I've recently purchased a pair of Acoustic Zen Crescendos. I now have them positioned in the room, and I am ready to add the spikes. The floor in my room is a suspended wood type. After researching whether or not to spike speakers or decouple them on a suspended wood floor, the majority seems to recommend not spiking them directly to the wood floor, but decoupling them. So here are my questions: 1). Do I couple or decouple? 2). Anyone use the Boston Audio Tuneblocks S under your spikes? How do you like them? 3). Any recommendations of other decoupling devices to use? Thanks for you input!
You might want to check out Herbiesaudiolab.net website, then make a call to the isolation master himself for advice. Although I use Big Fat Dots for my floor-standers (a simple, easy and very effective de-coupling method) his site has items to address every type of pre-spiked and unspiked speaker.
I wouldn't worry about that with new speakers. Buy a set of herbies gliders so you can move them around easily and take some time to get used to the sonics. After a few months, you can experiment with couple/decouple or whatever floats your boat. I find that all the conventional wisdom doesn't mean squat in your room. It's all a matter of what sounds best to you.
I am a follower of the Anti Spike Movement, due to having tortured wood floors for years and then discovering that relatively inexpensive Vibrapods placed under my speakers make them sound better, in my room using my ears. Or, you could simply get ears and a room like mine, but maybe that's not so simple.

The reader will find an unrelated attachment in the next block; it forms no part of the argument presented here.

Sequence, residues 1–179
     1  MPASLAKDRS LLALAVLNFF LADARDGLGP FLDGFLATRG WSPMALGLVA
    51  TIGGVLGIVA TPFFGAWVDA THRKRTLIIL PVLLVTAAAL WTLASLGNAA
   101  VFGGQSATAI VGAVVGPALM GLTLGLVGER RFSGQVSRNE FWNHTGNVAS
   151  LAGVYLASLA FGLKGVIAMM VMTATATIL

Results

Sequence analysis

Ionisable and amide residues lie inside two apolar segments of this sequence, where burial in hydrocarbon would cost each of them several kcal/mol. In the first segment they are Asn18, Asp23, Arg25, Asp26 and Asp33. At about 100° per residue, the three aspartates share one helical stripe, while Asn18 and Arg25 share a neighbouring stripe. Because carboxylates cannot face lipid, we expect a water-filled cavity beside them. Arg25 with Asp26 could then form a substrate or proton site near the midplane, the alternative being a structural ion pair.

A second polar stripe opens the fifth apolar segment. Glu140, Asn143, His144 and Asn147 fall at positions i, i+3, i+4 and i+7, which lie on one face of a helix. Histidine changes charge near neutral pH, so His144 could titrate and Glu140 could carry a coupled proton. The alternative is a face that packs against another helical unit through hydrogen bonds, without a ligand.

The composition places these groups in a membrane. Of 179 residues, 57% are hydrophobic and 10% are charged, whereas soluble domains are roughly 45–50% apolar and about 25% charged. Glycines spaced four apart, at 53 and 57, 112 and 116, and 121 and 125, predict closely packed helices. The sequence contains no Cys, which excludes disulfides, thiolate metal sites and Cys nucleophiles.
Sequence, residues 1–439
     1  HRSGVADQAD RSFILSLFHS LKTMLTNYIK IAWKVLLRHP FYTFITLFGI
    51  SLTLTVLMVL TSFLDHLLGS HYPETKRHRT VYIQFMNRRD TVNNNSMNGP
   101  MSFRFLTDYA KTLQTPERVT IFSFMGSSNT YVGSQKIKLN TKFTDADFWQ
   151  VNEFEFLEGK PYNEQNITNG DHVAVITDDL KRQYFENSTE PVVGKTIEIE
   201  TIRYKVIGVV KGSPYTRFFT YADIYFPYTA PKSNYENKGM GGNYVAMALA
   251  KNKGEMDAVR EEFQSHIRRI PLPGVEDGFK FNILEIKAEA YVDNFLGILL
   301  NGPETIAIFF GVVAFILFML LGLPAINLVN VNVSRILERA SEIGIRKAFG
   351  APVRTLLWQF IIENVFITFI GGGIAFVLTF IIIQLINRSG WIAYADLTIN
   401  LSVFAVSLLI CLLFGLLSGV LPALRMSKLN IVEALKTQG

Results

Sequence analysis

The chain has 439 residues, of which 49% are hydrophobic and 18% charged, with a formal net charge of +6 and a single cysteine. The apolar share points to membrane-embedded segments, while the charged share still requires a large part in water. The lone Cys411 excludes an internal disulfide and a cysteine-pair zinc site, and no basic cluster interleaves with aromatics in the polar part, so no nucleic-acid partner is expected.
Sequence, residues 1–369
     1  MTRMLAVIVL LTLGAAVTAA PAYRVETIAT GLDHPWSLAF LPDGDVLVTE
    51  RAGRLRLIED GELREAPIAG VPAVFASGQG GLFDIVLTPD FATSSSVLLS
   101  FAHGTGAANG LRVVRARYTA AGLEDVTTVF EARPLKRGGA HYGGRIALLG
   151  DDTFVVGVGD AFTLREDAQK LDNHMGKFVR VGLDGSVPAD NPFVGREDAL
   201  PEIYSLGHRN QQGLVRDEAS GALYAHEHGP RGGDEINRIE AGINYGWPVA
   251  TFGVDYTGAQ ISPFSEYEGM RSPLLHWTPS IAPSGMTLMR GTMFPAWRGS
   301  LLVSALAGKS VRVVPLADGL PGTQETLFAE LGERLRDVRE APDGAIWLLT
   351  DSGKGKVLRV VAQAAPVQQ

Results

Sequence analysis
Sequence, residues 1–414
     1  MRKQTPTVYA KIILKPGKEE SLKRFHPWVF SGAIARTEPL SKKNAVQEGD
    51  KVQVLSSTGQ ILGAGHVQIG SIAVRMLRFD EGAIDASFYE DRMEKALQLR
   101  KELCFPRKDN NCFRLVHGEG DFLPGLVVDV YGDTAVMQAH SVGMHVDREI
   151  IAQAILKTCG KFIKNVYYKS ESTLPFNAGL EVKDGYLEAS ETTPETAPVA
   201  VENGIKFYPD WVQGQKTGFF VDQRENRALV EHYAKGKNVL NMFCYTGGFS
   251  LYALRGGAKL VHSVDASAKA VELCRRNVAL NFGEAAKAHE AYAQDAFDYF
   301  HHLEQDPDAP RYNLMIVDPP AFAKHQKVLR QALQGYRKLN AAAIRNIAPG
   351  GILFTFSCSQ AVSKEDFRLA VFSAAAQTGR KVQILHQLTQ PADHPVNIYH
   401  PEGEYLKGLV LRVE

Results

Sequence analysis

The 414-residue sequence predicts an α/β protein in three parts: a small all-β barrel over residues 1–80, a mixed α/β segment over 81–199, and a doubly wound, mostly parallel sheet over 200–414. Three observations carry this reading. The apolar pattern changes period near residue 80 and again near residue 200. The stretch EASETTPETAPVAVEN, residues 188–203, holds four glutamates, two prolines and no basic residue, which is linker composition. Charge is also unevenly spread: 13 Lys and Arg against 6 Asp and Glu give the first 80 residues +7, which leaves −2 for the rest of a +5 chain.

They got to be heavy suckers; I have the Adagios which are almost 90 lbs each. Depending on the dimensions of the bottom footprint, you may want to take a look at the Mapleshade Internet store collection of decoupling wood bases. Unfinished wood is less money. Also, check out a stone yard where you could get a marble slab cut to the size of the footprint. A one inch thickness should be sufficient. Good Luck!!
I second the Herbies gliders, if only to make moving/positioning the speakers very easy. Much disagreement about whether to couple/decouple. My experience is that unless you play at very high db's it might not matter. YMMV
Vibrapods (or things like them) are MUCH less expensive than what I consider to be over-machined accessory porn (!) stuff like Stillpoints, and they accomplish the same thing...turning vibration into heat or at least decoupling direct speaker vibration from a floor. I'm waiting for magnetic levitation pods for speakers...should cost as much as my car.
It's a very good question that I really had to think about. I would say decouple first then couple perhaps if all else fails.
That's not to say that coupling might not sound better in some cases but each case of coupling will produce different results. So how can a speaker be designed to couple when every case is different? Therefore decouple to achieve what was intended best. In most cases coupling will result in hearing the room more rather than just the speakers.
I recently added a pair of isoacoustic speaker stands designed to decouple and these have helped make a believer out of me. I then added a pair of auralex sub dude isolation platforms under my ohm speakers in my family room with common suspended plywood flooring and the results in both cases are a revelation.
I have a (carpeted) suspended floor as well. I put Isoacoustic Gaias + Gaia spikes under my Tannoy X8TFs and the difference was significant. Bass was less muddy, actually not muddy at all after it, and even imaging improved. This was one tweak that made considerable difference!
You really should try both ways yourself and evaluate the results. My speakers are spiked....I decoupled them and which were a large step backward.....I understand with your wood floors the results might be reversed. (travertine tile on cement slab)